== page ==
Phil Little Thunder Sr. joined the protest of the Standing Rock Sioux Tribe in North Dakota – an iconic figure marching with thousands from other tribal nations – in order to stop a noxious crude oil pipeline from tunneling under Lake Oahe, a tribe’s crucial water source, fearing the pipe will leak its oleaginous poisons into these life-giving waters, and because the line, if not adjusted, will destroy the tribe’s burial grounds, and historic and ancestral cultural sites.
The proposed Dakota Access pipeline, if allowed to proceed, under the auspices of “Energy Transfer Partners,” would travel 1,170 miles, crossing the Sioux land, en route to the Gulf coast.
You may think this has nothing to do with the Commonwealth of Virginia. But there are lessons to learn so we may resist the risky fossil fuel industry energy choices close to home including Dominion’s effort to lay 550 miles of fracked gas pipelines within feet of the homes of many Virginia landowners, at the risk of these volatile gases exploding, as did occur in Appomattox, Virginia.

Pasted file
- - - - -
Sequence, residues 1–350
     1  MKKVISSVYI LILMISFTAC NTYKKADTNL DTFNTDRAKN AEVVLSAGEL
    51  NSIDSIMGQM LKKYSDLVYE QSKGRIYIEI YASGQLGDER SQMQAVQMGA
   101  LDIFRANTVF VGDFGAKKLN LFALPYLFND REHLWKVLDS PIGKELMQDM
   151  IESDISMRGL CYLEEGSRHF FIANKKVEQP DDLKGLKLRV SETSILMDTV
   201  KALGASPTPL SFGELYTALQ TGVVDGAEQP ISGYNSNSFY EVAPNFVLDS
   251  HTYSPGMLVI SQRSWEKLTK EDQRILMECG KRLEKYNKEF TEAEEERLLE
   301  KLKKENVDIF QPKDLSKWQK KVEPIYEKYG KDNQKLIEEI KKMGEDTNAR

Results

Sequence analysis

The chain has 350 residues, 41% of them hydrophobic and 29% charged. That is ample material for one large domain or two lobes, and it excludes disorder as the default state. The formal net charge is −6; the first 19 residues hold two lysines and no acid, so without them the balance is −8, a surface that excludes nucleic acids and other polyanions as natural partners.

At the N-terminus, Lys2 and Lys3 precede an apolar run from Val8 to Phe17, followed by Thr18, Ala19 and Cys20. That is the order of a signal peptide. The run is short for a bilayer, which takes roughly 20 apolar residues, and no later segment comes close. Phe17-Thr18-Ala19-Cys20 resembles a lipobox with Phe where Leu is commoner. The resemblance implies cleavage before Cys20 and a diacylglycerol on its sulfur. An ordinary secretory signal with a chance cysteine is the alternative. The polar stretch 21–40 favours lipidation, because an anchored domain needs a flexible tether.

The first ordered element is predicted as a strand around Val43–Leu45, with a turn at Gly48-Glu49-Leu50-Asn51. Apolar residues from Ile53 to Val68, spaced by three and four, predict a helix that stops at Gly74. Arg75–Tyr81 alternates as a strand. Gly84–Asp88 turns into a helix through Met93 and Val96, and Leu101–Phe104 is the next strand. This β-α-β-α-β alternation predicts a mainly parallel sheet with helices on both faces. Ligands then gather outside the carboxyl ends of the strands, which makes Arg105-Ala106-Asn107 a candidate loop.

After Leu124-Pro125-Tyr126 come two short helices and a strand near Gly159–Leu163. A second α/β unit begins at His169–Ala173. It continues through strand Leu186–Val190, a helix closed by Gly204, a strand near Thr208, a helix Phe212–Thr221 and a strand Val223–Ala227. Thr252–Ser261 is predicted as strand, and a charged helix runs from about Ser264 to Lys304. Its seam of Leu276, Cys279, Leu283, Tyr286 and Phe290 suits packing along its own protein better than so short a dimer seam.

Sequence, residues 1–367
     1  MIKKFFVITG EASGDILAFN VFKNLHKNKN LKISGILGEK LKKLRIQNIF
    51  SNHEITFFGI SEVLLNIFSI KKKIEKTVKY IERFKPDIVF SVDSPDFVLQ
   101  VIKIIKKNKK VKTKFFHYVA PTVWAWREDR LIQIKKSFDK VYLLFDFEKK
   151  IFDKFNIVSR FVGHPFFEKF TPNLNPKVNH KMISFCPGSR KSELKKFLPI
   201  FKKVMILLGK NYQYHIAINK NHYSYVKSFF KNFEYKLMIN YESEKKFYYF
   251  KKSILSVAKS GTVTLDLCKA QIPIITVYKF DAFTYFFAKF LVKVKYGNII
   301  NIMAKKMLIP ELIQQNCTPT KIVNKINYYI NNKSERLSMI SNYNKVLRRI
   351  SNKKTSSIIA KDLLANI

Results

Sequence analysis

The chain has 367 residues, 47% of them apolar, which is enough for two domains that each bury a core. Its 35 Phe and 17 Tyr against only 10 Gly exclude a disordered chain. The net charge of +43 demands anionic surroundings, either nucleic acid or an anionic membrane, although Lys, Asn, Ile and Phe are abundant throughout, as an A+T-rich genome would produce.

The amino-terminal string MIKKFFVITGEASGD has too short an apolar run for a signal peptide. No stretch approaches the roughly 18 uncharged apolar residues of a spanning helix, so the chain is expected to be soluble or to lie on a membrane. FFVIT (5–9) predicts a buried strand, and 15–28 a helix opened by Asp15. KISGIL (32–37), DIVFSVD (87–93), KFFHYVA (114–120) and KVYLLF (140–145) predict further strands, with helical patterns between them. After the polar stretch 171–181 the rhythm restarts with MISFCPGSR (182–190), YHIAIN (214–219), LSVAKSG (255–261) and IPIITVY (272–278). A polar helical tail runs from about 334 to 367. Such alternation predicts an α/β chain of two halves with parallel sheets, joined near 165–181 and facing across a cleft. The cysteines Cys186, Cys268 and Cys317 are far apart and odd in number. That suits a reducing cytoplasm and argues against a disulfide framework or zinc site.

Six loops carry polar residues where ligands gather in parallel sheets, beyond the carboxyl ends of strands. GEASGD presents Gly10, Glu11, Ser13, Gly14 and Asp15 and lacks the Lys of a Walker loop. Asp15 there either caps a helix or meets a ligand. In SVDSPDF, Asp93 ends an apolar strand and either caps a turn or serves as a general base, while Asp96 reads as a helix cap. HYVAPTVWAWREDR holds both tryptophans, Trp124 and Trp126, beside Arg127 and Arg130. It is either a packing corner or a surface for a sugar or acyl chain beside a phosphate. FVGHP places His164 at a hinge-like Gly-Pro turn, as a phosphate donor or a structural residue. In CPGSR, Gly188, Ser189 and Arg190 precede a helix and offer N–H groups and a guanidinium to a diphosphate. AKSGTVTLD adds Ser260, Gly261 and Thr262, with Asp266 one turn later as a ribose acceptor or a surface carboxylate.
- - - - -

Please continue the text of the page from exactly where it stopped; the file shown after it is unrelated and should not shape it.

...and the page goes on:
We can’t count on the General Assembly, not the Democratic nor Republican parties, as Dominion has showered its financial largesse on key members of both parties.
The success or failure in fighting this Dakota pipeline and the key lessons learned from the defeat of the XL pipeline instruct us how to represent ourselves when those elected fail to represent us.
Last Friday, U.S. District Judge James E. Boasberg denied the tribe’s demands to stop the pipeline, saying that the tribe had failed to show “it will suffer injury.” In what alternate universe is the risk that a critical water source may be destroyed not a cognizable “injury?” Continue reading